STED Project at Bangalore Microscopy Course 2017

  • [Credits:  
    Anwesha Guru, Tata Insitute of Fundamental Research (TIFR), Mumbai, India
    Kritarth Singh, M.S University Baroda, India
    Rituraj Marwaha, Indian Insitute of Science Education and Research (IISER), Mohali, India
    Venkata Ramaiah, University of Tokyo, Japan
    Amit Cherian, National Centre for Biological Sciences (NCBS), Bangalore, India
    Nishan B. Shettigar, Institute for Stem Cell Biology and Regenerative Medicine (inSTEM), Bangalore, India 
    Thomas van Zanten, National Centre for Biological Sciences (NCBS), Bangalore, India
     Manoj V Mathew, Centre for Cellular and Molecular Platforms (CCAMP), Bangalore, India
    Experiments were conducted at the Central Imaging and Flow Cytometry Facility (CIFF), National Center for Biological Sciences (NCBS), Bangalore, India as part of Bangalore Microscopy Course 2017]

The IXth Bangalore Microscopy Course (BMC) was organized at the National Centre for Biological Sciences (NCBS), Bangalore, India during 17-24 September 2017. This course was jointly organized by NCBS and Centre for Cellular and Molecular Platforms (CCAMP). BMC is organized annually and provides didactic and hands-on training in state-of-the-art optical microscopy techniques. A range of topics from basic microscopy to super-resolution imaging is covered. Research seminars detailing applications of light microscopy to address specific biological questions are also part of the program. Lectures are combined with hands-on training in dedicated teaching laboratories equipped with state-of-the-art microscopes.

The final two days of the course give the participants an opportunity to do independent work or a mini-project. One of these projects during BMC2017 was titled "Characterization of STED imaging and STED-FCS". The project was carried out by Anwesha, Kritarth, Rituraj, and Venkata, supported by Nishan and Amit and guided by Manoj with a inputs and help from Thomas. In this write-up, we give a short description of this project.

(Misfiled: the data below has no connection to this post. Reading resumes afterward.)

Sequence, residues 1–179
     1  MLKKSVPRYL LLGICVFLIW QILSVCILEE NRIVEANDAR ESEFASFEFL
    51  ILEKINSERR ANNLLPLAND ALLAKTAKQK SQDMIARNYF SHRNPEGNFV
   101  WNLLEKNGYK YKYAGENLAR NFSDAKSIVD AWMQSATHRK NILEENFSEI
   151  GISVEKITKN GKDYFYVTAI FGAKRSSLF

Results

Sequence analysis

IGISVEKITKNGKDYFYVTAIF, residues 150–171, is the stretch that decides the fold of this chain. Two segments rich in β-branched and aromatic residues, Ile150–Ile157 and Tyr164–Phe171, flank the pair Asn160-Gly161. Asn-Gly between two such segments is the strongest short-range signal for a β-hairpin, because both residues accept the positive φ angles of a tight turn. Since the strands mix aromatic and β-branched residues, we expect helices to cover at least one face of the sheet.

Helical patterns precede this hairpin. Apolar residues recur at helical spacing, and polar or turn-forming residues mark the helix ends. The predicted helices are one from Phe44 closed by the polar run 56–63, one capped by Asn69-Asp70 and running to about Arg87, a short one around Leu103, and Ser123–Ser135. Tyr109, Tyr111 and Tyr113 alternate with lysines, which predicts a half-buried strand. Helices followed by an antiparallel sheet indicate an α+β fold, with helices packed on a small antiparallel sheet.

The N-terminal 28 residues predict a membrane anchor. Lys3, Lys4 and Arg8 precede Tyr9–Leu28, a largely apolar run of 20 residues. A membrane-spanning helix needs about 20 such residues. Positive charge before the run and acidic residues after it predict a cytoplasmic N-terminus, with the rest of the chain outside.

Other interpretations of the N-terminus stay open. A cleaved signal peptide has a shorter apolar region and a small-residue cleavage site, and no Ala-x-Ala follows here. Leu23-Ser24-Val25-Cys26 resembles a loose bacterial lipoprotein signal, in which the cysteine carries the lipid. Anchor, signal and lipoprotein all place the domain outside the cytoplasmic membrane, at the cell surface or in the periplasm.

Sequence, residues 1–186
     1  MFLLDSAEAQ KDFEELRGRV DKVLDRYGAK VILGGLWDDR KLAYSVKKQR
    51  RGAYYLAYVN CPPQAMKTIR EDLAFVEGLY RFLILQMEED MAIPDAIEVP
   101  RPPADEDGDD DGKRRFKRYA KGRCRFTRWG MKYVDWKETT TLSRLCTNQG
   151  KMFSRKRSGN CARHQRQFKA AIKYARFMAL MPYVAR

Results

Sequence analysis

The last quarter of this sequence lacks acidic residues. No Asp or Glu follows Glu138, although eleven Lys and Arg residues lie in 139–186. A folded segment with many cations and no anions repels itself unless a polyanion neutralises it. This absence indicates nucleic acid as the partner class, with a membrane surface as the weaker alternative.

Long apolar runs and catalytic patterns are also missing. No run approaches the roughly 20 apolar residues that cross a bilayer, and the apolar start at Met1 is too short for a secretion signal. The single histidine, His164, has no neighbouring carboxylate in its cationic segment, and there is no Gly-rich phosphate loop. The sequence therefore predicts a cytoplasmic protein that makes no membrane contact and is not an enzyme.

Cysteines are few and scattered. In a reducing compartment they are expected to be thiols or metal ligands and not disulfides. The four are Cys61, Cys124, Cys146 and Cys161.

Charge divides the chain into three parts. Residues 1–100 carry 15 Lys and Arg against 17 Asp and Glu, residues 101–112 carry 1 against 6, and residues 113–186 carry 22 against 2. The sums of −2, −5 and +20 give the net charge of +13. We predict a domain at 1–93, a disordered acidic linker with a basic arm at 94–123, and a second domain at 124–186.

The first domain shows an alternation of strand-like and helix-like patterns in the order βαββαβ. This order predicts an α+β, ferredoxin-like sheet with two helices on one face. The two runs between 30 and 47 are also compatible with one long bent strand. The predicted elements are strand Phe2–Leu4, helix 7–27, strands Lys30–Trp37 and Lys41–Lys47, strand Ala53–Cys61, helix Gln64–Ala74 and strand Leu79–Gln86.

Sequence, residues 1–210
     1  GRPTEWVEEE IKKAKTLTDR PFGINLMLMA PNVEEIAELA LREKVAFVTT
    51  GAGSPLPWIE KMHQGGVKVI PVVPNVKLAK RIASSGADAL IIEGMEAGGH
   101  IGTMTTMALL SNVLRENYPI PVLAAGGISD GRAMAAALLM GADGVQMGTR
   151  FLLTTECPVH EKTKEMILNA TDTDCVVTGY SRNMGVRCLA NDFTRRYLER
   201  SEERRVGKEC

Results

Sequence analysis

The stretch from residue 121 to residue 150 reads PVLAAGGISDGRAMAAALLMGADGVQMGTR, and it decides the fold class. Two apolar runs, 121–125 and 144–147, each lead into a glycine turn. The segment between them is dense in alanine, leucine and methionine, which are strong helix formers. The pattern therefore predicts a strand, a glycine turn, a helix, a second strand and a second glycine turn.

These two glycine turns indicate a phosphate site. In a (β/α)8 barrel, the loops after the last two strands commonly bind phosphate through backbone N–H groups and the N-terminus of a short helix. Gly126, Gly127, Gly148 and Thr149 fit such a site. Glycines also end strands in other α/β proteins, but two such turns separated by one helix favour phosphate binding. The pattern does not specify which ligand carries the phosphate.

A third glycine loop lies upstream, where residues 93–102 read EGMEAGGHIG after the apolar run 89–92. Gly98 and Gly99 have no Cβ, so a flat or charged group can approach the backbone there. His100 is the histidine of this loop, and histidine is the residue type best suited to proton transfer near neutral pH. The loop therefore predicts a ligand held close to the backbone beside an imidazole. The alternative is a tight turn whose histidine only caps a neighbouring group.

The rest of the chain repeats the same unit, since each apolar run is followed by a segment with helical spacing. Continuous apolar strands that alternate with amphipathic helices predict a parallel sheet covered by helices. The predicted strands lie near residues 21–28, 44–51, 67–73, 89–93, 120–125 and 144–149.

In STED microscopy a doughnut-shaped depletion beam is overlapped with an excitation beam. This effectively reduces the excitation volume and improves the resolution in a point scanning confocal microscope. The improvement in resolution depends on a number of factors including the intensity of depletion beam, alignment and overlap of depletion and excitation beams and the degree of aberrations or distortions in the excitation and depletion beams.

This project aimed to characterize some of the parameters that affect STED performance and help a STED user achieve optical STED imaging conditions. The participants also learned how to perform STED Fluorescence Correlation Spectroscopy (FCS) measurements. The accuracy of an FCS measurement is inversely proportional to the volume over which the FCS measurements are made. STED with its reduced excitation volumes improves FCS accuracy.

The project was carried out on the Abberior Expert Line 775nm STED which is one of the Super-Resolution imaging stations available at CIFF. An image of the system is shown in Figure 1628/1.

Figure 1628/1: Abberior Expert Line 775nm STED system at CIFF, NCBS